Crow Reply
what about nanotechnology for water purification
RAW Reply
please someone correct me if I'm wrong but I think one can use nanoparticles, specially silver nanoparticles for water treatment.
yes that's correct
I think
Nasa has use it in the 60's, copper as water purification in the moon travel.
nanocopper obvius
what is the stm
Brian Reply
is there industrial application of fullrenes. What is the method to prepare fullrene on large scale.?
industrial application...? mmm I think on the medical side as drug carrier, but you should go deeper on your research, I may be wrong
How we are making nano material?
what is a peer
What is meant by 'nano scale'?
What is STMs full form?
scanning tunneling microscope
how nano science is used for hydrophobicity
Do u think that Graphene and Fullrene fiber can be used to make Air Plane body structure the lightest and strongest. Rafiq
what is differents between GO and RGO?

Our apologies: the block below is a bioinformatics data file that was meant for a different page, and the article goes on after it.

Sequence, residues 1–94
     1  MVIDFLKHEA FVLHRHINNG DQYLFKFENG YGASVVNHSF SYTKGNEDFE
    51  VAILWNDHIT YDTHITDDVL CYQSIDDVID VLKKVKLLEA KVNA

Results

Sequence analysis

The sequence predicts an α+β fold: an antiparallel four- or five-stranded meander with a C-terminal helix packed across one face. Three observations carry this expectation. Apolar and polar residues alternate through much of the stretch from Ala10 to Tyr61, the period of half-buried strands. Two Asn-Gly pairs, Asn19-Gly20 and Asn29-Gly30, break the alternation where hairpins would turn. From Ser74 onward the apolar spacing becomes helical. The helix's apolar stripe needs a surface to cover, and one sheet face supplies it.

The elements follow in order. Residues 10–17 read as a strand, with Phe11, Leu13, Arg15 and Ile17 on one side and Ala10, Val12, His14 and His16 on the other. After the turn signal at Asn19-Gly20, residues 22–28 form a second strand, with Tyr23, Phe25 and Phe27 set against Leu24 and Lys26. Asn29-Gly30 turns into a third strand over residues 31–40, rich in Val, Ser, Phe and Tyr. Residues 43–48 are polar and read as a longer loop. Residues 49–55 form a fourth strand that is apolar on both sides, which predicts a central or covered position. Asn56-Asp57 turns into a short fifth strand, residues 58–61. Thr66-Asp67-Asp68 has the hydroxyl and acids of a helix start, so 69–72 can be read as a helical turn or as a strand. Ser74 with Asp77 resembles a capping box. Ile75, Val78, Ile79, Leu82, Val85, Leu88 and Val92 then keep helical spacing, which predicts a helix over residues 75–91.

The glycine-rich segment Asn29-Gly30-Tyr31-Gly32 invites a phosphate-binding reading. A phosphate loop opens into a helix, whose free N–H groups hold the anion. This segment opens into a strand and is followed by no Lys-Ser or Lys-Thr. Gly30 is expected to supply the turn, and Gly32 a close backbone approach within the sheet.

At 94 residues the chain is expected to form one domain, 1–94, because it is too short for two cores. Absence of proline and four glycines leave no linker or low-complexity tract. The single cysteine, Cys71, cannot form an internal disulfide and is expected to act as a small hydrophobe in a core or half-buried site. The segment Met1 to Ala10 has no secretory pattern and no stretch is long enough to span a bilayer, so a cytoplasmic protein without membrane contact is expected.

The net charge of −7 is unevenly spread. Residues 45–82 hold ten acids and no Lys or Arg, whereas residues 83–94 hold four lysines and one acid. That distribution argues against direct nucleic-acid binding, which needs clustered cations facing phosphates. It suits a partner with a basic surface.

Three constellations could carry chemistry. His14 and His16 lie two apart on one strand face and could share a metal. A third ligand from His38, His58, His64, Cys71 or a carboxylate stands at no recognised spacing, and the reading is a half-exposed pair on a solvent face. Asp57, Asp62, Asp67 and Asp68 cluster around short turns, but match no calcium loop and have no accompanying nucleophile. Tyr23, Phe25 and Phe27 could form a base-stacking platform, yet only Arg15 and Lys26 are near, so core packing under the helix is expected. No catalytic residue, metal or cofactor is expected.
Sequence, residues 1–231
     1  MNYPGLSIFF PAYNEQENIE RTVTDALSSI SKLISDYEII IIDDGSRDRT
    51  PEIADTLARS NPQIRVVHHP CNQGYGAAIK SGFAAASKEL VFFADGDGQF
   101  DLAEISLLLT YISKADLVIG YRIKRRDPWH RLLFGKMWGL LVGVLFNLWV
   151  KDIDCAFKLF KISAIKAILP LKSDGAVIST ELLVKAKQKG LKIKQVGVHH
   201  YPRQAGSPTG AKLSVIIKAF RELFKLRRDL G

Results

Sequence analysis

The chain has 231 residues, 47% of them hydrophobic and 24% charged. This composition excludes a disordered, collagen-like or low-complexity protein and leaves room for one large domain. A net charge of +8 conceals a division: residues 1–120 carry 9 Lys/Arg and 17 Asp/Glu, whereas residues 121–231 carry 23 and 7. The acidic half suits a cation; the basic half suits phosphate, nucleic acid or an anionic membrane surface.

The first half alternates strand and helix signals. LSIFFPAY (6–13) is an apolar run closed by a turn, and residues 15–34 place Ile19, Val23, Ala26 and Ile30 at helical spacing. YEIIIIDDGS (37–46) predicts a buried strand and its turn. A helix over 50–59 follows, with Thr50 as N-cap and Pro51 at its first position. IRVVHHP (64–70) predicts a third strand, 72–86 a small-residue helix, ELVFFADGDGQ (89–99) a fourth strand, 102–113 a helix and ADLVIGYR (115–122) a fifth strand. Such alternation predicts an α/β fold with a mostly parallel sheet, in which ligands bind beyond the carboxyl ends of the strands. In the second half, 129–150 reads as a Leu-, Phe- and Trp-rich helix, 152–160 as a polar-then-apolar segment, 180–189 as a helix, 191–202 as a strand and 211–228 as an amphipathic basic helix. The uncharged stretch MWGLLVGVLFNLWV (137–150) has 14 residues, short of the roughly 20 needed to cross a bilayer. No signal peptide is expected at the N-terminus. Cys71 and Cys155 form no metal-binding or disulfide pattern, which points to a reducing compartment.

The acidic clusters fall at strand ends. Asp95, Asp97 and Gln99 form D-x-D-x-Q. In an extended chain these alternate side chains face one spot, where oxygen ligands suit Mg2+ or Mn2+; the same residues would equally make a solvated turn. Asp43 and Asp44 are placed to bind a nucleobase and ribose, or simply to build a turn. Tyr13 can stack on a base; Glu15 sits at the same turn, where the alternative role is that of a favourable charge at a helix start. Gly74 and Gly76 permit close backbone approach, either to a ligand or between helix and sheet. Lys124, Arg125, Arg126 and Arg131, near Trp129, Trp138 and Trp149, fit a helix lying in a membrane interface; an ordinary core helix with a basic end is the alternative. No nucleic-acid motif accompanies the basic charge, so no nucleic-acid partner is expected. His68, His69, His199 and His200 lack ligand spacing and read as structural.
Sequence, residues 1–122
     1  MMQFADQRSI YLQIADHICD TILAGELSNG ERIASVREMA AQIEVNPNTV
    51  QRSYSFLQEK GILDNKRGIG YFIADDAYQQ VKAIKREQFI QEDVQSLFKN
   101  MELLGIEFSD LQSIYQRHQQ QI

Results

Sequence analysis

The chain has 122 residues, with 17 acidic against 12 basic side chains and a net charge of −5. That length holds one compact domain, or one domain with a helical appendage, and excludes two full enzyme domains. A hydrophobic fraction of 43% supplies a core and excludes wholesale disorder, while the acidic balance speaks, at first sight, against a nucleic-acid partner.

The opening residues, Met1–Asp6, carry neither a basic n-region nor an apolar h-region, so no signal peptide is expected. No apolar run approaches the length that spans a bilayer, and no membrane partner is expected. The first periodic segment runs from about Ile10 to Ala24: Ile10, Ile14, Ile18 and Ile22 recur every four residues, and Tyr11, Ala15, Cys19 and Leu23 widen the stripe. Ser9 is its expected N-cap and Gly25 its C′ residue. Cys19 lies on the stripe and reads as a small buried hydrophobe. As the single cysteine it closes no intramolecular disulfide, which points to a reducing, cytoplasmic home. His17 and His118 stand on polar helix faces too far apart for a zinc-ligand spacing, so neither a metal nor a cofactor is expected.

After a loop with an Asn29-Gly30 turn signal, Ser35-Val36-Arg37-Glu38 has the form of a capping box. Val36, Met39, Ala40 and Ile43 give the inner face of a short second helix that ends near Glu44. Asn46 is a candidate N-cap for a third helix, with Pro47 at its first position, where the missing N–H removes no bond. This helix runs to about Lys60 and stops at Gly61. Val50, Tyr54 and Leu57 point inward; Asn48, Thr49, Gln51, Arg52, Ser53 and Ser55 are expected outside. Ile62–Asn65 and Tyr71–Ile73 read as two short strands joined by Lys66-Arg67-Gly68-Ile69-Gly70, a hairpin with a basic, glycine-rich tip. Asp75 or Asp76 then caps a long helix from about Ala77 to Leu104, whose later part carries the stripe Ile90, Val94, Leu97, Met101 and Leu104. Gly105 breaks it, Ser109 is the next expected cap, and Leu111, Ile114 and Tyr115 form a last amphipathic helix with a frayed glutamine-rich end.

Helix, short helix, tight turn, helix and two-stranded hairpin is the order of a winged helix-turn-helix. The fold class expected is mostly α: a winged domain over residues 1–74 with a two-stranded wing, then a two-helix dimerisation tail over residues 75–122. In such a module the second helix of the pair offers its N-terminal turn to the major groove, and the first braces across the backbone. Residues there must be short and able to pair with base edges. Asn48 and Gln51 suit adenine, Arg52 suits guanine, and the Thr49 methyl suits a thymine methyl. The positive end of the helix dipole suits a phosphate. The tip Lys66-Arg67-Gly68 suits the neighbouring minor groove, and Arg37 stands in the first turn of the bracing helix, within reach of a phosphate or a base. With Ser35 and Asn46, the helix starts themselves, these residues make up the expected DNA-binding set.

what is simplest way to understand the applications of nano robots used to detect the cancer affected cell of human body.? How this robot is carried to required site of body cell.? what will be the carrier material and how can be detected that correct delivery of drug is done Rafiq
analytical skills graphene is prepared to kill any type viruses .
Any one who tell me about Preparation and application of Nanomaterial for drug Delivery
what is Nano technology ?
Bob Reply
write examples of Nano molecule?
The nanotechnology is as new science, to scale nanometric
nanotechnology is the study, desing, synthesis, manipulation and application of materials and functional systems through control of matter at nanoscale
Is there any normative that regulates the use of silver nanoparticles?
Damian Reply
what king of growth are you checking .?
What fields keep nano created devices from performing or assimulating ? Magnetic fields ? Are do they assimilate ?
Stoney Reply
why we need to study biomolecules, molecular biology in nanotechnology?
Adin Reply
yes I'm doing my masters in nanotechnology, we are being studying all these domains as well..
what school?
biomolecules are e building blocks of every organics and inorganic materials.
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Source:  OpenStax, General physics ii phy2202ca. OpenStax CNX. Jul 05, 2013 Download for free at http://legacy.cnx.org/content/col11538/1.2